Influence of language barriers on outcomes of hospital care for general medicine inpatients

J Hosp Med. May-Jun 2010;5(5):276-82. doi: 10.1002/jhm.658.

Abstract

Background: Few studies have examined whether patients with language barriers receive worse hospital care in terms of quality or efficiency.

Objective: : To examine whether patients' primary language influences hospital outcomes.

Design and setting: Observational cohort of urban university hospital general medical admissions between July 1, 2001 to June 30, 2003.

Patients: Eighteen years old or older whose hospital data included information on their primary language, specifically English, Russian, Spanish or Chinese.

Measurements: Hospital costs, length of stay (LOS), and odds for 30-day readmission or 30-day mortality.

Results: Of 7023 admitted patients, 84% spoke English, 8% spoke Chinese, 4% Russian and 4% Spanish. In multivariable models, non-English and English speakers had statistically similar total cost, LOS, and odds for mortality. However, non-English speakers had higher adjusted odds of readmission (odds ratio [OR], 1.3; 95% confidence interval [CI], 1.0-1.7). Higher odds for readmission persisted for Chinese and Spanish speakers when compared to all English speakers (OR, 1.7; 95% CI, 1.2-2.3 and OR, 1.5; 95% CI, 1.0-2.3 respectively).

Conclusions: After accounting for socioeconomic variables and comorbidities, non-English speaking Latino and Chinese patients have higher risk for readmission. Whether language barriers produce differences in readmission or are a marker for less access to post-hospital care remains unclear. Journal of Hospital Medicine 2010;5:276-282. (c) 2010 Society of Hospital Medicine.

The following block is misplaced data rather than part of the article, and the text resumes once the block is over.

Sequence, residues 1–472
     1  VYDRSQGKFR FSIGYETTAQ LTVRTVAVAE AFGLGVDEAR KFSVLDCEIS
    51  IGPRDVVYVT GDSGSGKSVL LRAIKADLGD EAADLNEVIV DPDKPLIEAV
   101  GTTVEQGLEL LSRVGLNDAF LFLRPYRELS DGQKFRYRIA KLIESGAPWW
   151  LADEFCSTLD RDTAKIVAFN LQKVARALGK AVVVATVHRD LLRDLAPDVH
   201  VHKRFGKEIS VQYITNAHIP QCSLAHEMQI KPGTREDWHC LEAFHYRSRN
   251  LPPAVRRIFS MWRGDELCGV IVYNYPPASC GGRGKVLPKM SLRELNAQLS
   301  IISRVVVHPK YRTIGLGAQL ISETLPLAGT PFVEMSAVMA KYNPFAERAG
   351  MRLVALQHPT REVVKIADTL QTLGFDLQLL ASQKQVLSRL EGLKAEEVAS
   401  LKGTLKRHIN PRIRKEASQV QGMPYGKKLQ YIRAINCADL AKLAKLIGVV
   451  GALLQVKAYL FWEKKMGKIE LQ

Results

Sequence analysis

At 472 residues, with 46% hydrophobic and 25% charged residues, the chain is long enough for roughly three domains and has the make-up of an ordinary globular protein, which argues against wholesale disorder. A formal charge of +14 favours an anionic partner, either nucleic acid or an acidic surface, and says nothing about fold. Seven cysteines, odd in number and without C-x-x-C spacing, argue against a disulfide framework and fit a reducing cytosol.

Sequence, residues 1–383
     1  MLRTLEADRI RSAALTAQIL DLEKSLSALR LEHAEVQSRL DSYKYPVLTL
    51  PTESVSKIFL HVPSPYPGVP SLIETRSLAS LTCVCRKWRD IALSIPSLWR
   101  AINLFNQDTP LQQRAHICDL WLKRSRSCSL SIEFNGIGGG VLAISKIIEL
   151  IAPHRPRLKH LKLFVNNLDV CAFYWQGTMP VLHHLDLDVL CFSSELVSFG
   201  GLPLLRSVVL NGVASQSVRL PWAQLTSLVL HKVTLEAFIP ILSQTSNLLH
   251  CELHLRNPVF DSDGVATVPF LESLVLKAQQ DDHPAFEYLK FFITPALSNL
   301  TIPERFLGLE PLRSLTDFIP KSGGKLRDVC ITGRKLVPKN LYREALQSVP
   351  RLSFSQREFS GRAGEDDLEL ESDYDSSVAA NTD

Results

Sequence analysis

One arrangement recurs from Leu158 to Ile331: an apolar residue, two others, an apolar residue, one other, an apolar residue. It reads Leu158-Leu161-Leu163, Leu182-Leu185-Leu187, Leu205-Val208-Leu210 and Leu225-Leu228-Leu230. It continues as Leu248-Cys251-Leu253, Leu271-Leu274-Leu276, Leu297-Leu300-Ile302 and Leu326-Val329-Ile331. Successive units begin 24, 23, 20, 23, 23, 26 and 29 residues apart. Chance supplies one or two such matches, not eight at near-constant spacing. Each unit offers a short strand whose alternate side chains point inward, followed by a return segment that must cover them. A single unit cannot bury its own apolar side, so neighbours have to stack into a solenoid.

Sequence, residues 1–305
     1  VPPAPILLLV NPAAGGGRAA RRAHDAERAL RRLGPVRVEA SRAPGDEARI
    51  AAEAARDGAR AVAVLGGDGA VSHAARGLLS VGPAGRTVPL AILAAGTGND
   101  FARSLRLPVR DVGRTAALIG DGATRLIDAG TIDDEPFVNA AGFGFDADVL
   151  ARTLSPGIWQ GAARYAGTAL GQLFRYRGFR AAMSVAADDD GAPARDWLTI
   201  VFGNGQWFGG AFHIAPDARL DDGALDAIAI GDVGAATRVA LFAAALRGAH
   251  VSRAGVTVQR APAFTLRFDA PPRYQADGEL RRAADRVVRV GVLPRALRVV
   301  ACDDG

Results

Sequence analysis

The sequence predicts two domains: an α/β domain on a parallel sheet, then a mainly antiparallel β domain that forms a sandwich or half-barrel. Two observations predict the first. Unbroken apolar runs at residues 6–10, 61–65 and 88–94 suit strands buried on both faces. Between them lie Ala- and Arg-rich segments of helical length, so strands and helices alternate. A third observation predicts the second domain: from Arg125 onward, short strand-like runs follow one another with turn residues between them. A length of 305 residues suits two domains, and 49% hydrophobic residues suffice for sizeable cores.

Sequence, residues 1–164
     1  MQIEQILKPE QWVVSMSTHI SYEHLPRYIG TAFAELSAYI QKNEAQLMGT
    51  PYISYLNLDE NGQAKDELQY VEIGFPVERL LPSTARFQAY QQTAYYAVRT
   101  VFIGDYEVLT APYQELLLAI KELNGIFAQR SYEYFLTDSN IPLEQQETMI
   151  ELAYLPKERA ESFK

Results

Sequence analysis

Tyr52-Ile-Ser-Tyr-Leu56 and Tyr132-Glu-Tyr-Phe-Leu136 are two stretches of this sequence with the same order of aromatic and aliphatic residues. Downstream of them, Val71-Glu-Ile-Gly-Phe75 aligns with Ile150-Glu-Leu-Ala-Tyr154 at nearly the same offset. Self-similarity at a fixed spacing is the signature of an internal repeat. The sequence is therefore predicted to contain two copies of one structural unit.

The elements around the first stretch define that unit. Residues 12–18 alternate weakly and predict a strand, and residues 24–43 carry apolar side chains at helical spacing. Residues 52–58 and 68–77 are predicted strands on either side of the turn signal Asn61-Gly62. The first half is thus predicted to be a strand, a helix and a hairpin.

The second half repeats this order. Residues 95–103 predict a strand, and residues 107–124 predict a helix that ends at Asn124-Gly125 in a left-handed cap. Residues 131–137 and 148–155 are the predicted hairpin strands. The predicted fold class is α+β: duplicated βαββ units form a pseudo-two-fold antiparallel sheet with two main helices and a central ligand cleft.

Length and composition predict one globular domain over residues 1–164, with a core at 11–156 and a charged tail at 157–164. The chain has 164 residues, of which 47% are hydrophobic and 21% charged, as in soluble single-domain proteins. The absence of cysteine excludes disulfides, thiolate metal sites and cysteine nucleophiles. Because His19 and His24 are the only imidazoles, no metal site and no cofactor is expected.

Trial registration: ClinicalTrials.gov NCT00204048.

Publication types

  • Comparative Study
  • Multicenter Study
  • Randomized Controlled Trial
  • Research Support, Non-U.S. Gov't
  • Research Support, U.S. Gov't, P.H.S.

MeSH terms

  • Admitting Department, Hospital / standards
  • Admitting Department, Hospital / trends
  • Adolescent
  • Adult
  • Aged
  • Aged, 80 and over
  • Cohort Studies
  • Communication Barriers*
  • Family Practice / standards*
  • Family Practice / trends
  • Female
  • Hospitalization* / trends
  • Hospitals, University / standards*
  • Hospitals, University / trends
  • Humans
  • Male
  • Middle Aged
  • Multilingualism*
  • Patient Care / standards*
  • Patient Care / trends
  • Patient Readmission / trends
  • Prospective Studies
  • Treatment Outcome
  • Young Adult

Associated data

  • ClinicalTrials.gov/NCT00204048